If you’re tuning in for the North American sessions, you won’t want to miss Amber Whatley as she talks about Black Out, the program she founded for underrepresented individuals with an interest in lighting design. Stay for the live panel discussion on encouraging diversity in the industry, led by Tony award winner Karen Olivo.

If you work or volunteer in the industry, are an educator to the industry, love the technology of stage productions or are a student hoping to someday work in live events, then CUE is for you. You will also be able to catch up with sessions from other time zones as well as any that you might miss if you have registered, sign up here: etcconnect.com/CUE

For more information about ETC, please visit etcconnect.com

 

MDG ATMe haze generators at London’s Royal Albert Hall

Situated on the edge of London’s Kensington Gardens, the Royal Albert Hall – that internationally respected bastion of music – continues to mark its 150th anniversary through special events to the end of 2023.
The truly iconic venue, which hosts over 390 shows a year including classical, rock and pop concerts, ballet, opera, awards ceremonies, charity performances and banquets, many of which are televised, is now fully equipped with 4 MDG ATMe haze generators, supplied by TSL.

Photo Dan Street

The RAH lighting team initially invested in two of the industry-leading ATMe generators in July 2019 before adding another two in November of the same year. The ATMe haze generators are in almost constant and exclusive use with two freestanding machines located on stage and two permanently installed in custom flight cases on the stage edges at circle level.
“Good haze is particularly important at the Royal Albert Hall,” explains RAH lighting designer, Richard Rhys Thomas. “When lighting a concert there is no scenery, and often little or no video, so the lighting becomes the scenery. It forms an important part of the overall look, so you need good haze to show the beams from the roof to ground level.”

The procurement of MDG generators had been on the RAH’s agenda for some years following consultation with Matt Wiseman at MDG UK. “As we built up our lighting service with new fixtures, we realised the thing we were lacking was good quality haze,” he explains. “We had an amazing rig, but if you can’t see the beams, it doesn’t matter how good the lights are!”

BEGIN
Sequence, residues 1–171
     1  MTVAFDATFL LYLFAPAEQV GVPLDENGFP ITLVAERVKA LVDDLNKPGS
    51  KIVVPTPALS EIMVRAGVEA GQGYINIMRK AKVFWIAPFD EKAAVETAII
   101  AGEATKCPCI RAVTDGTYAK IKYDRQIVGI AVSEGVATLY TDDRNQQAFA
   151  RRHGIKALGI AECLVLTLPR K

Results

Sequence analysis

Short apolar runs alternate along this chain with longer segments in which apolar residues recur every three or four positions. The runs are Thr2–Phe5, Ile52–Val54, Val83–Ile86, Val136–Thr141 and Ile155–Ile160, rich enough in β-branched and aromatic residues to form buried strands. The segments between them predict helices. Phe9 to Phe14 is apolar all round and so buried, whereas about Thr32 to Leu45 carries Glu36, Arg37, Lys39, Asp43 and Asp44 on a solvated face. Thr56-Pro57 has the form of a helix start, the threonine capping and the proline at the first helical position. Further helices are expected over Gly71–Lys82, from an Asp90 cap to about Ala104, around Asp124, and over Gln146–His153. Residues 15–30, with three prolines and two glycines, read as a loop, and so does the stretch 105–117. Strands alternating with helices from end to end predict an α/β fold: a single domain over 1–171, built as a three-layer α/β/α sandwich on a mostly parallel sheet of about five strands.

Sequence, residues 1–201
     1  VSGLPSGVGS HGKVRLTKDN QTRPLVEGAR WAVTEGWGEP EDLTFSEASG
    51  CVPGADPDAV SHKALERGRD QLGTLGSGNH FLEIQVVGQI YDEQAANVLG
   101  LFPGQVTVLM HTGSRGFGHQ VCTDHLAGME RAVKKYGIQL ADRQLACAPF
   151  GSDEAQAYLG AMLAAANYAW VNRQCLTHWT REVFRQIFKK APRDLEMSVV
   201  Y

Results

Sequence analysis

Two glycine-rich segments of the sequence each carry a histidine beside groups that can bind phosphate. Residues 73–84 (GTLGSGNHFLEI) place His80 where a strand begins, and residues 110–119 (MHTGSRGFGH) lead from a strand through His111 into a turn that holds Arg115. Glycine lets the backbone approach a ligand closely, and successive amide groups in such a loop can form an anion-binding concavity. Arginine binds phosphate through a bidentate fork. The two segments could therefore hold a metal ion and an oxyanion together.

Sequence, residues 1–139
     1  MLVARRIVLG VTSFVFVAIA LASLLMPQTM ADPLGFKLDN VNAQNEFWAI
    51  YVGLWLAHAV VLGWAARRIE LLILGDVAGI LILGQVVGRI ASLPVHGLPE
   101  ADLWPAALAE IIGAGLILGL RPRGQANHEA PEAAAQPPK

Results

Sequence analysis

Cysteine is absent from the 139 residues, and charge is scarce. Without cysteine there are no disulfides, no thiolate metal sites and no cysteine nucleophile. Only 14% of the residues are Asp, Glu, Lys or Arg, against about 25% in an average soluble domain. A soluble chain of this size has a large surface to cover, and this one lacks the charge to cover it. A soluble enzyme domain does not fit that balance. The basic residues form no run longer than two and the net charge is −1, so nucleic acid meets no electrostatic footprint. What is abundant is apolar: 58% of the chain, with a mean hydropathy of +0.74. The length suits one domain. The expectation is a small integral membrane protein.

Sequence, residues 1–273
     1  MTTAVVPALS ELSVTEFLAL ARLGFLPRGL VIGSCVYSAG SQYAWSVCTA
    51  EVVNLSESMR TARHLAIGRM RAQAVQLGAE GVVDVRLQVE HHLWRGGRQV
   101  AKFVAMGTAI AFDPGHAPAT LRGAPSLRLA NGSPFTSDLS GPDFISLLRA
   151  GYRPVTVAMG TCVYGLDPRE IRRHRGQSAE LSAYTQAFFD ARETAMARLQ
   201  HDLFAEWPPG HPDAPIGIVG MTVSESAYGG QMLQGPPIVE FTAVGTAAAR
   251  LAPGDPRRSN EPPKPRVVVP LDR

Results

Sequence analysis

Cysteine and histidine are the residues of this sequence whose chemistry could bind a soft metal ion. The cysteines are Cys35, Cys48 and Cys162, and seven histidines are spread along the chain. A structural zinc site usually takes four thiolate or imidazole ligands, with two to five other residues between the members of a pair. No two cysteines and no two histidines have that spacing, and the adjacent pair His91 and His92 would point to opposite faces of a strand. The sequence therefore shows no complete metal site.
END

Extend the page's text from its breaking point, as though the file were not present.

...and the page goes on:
MDG ATMe

The team was also getting comments from incoming lighting designers about how the haze distribution was affected by the auditorium’s antiquated air cooling system which pumped in fresh air from beneath the arena and stalls.
“This meant the haze on stage got pushed upwards, so we would get a nice haze in the roof but not on stage where you need it!” says Thomas. “We had to do something!”

Like most public buildings worldwide, the Royal Albert Hall did not escape closure during lockdown but this dark time was turned to advantage, enabling the acceleration of a programme to install additional airflow units.

“With the new system, cool air now also gets pumped in from above, so this helps us achieve a nice smooth, even coverage of haze, but it is largely due to the MDG machines and their particle size and type of fluid which has made it all come together in such a nice way,” states Thomas. “MDG haze is so fine that you really don’t see it until you put strong beams through it, which is how it should be.”

With the RAH’s previous haze machines, complaints about the ‘clouds of smoke’ and the smell were all too common: “If the source of the haze is very visible, the perception of it is raised which tends to generate a psychosomatic response that can affect the comfort of the audience and the artists,” explains Thomas. “Since we’ve had the ATMe generators, we have no ‘clouds of smoke’ and no negative comments!”

The new ATMe generators are operated from the lighting console and have proved very efficient in terms of fluid use. “We found we don’t need to run them very high at all to get a nice even coverage. And if we need a bit more, we can simply push them up a bit and they fill the (very large!) space very quickly. We run a careful management programme to keep their fluid supply topped up and they are all sited in positions where the bottles can be easily changed during a show without interruption.”

Thomas is also impressed with the quietness and reliability of the MDG generators: “They run very quietly which is very important for a lot of our shows, both in the auditorium where they are quite close to audience, and also on stage where they are close to orchestras, microphones, television cameras, etc.

“We are very happy to have finally got our MDG haze machines. I’ve lit many shows here now and can remember when you just didn’t know if you were going to have good haze or not. It could be cloudy or up in the air – there was no certainty to it and no guarantee.
It was very disappointing to put so much work into a design for it not to be realised to its full effect. Now we can guarantee good results and it is very satisfying to know we have that level of quality there at all times.”

For more information on MDG’s ATMe haze generator and all MDG fog, low fog and haze products, visit www.mdgfog.com